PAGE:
THD Production Spotlight: "The 39 Steps"

Student-directed play promises to be ‘unlike anything’ UB has done in recent years.

A man and woman lean across a table and link their pinkies.

Glen Chitty and Caroline Jameson star in "The 39 Steps." Photo by Ken Smith.


Published February 15, 2024

Being thrust into an adventure of James Bond-ian proportions is not in the cards for most. But for Richard Hannay, an average Joe framed for murder and pitted against a menacing power, that’s simply his new normal.

The cast and crew of The 39 Steps — a Theatre and Dance Student Directed Series (SDS) production which chronicles the noir, yet over-the-top comedy that Hannay’s life becomes — are geared up for opening this weekend on Feb. 16 and 17.

At rehearsal, five mirrors rolled around the Katharine Cornell Theatre, surrounding Richard Hannay (played by Glen Chitty) as he hightailed it away from the police, who were on his trail for a murder he didn’t commit. The Scooby Doo-esque chase had Hannay — a spy by chance rather than choice — jump onto the ledge of a moving locomotive and into another train car.

“It’s a culmination of four years of technique, even during the most silly parts,” Chitty, a senior music theatre major, said about the student-run production. “This is where we prove our worth. The onus is fully on us to perform at our highest ability.”

As the mirrors parted, they revealed Pamela, played by Caroline Jameson, in comically-large glasses, being spontaneously kissed by Hannay in order to hide from the police. However, when Pamela — Hannay’s eventual love interest — realized that he was on the lam, she immediately snitched, reigniting the chase.

“That’s their version of a 'meet cute,' but under very silly circumstances,” Jameson, a sophomore musical theatre major, said. “You’re gonna be laughing non-stop. But it has a good heart, the show itself.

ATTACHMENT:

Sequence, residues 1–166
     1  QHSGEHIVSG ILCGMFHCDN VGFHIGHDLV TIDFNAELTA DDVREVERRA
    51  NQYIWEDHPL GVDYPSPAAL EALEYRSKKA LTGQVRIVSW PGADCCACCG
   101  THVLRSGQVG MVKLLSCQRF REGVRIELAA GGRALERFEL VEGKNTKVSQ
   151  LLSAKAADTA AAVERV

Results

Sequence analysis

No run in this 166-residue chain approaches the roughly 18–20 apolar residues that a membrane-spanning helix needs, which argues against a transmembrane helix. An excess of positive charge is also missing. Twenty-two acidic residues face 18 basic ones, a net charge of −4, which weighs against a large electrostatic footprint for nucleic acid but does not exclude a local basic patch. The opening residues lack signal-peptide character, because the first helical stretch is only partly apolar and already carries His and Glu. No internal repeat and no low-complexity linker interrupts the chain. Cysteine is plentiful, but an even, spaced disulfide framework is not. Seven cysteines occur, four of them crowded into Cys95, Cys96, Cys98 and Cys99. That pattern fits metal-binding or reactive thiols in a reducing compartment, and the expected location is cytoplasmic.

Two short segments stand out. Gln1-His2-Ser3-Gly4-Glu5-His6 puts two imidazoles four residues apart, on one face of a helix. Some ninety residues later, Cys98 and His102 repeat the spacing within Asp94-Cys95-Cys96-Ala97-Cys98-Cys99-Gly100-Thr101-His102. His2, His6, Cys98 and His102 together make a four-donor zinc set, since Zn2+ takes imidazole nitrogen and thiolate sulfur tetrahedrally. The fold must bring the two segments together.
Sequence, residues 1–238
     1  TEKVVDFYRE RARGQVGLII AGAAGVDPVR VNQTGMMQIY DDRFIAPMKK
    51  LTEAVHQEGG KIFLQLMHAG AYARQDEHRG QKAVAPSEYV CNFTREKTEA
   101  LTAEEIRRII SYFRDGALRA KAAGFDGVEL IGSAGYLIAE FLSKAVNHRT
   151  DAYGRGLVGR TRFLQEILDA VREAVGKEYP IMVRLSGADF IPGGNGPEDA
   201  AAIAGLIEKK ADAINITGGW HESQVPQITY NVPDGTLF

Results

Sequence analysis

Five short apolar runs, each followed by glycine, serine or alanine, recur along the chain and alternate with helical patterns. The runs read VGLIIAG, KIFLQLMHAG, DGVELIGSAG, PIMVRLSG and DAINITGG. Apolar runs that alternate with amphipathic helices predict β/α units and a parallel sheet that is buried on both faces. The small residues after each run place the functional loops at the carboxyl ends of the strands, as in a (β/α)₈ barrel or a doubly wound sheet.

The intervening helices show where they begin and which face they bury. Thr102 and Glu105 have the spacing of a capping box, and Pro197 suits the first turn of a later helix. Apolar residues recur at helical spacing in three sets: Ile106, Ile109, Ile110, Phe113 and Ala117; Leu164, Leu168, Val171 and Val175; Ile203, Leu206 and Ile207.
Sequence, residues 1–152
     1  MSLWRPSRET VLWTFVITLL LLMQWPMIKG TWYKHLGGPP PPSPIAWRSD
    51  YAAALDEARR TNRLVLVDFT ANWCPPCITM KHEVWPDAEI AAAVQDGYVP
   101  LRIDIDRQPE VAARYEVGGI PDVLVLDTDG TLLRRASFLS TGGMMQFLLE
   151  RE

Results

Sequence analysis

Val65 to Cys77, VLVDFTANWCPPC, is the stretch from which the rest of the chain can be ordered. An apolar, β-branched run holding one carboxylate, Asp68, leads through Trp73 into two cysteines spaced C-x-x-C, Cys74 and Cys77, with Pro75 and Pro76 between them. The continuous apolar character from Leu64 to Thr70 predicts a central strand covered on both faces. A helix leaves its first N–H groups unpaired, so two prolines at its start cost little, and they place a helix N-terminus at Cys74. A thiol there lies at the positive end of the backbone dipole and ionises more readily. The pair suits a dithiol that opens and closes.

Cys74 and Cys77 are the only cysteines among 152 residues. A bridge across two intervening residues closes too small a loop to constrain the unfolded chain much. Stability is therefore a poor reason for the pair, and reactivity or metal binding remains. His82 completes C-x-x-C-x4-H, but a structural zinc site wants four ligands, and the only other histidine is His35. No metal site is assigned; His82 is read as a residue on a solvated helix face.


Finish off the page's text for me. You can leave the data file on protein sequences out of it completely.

"It’s unlike anything that’s been performed at UB in recent years.”

Two goons restrain a nervous man while a woman watches with folded arms.

Photo by Ken Smith.

Throughout the show the comedy and drama are enhanced by a live piano score composed almost entirely by Music Director Kyle Brown, a sophomore biochemistry major.

“The music serves as a nice connective tissue between a lot of moments because it's a show that’s funny and pretty fast-paced,” Brown said. “I hope people find that the music ties everything together nicely and makes it feel complete.”

For Brown, whose fingers fly on the keys just as quickly as Hannay runs around the stage, this is his first live play since the “crowning achievement” of starring in his elementary school’s production of Shrek the Musical at age 10.  

“We ran Act I and added music, there was an electricity in the air,” Show Director / senior theatre performance major Moth Medina said of Brown’s score. “All the big moments just felt alive, like there was something beautiful being breathed into every scene, as music has a tendency to do.”

As the chase continued into the balconies of the theater, Amanda Nirenberg — stage manager and a senior musical theatre major — took notes, guided the cast in moving mirrors onto spike marks, and indicated sound cues.

For Nirenberg, a first-time stage manager who also stepped into additional roles while Medina was away, The 39 Steps was a completely new experience.

A woman lying on a chair flirts with a man who seems to have fallen on the floor.

Photo by Ken Smith.

“I was director for a week, which was terrifying. It was a big step for me,” Nirenberg said. “It was a good experience, thinking on my feet working with a cast on my own. I'm really glad I got the opportunity to do so.”

Despite the excitement of the many firsts presented, Nirenberg was happy to give the reins to Medina upon his return. A first-time director, Medina stood in the audience watching the scene unfold.

The 39 Steps is typically staged as a drama, but Medina took the show in an unconventional direction. “I chose it because it’s an uplifting story,” he said. “It could be a drama. It has been a drama. But this is a comedy, because we don't need to take it so seriously. We don't need to take life so seriously.”

One thing the cast did take seriously was concealing the meaning behind the show’s ominous and seemingly incomprehensible title: The 39 Steps.

Jameson issued a “no comment” of sorts: “I cannot confirm or deny anything."

Chitty began to answer, then humorously feigned being killed before the big reveal.

“If you don’t come to see the show then you’ll never know what The 39 Steps is. I can’t reveal it for fear of my life,” Isaac So, a sophomore theatre performance major, said.

Although the cast held some secrets close to their chests, Medina did open up about the significance of this opportunity for him and his fellow collaborators.

“[The SDS] is so necessary to the life of our department, that the students be able to push the boundaries and envelope of what students are expected to do into finding out what they can do,” Medina said. “We're given somewhere to go and try out different things, and we’re succeeding and failing and learning.”

Freelance writer Alex Novak is a senior English major, with a minor in theatre performance.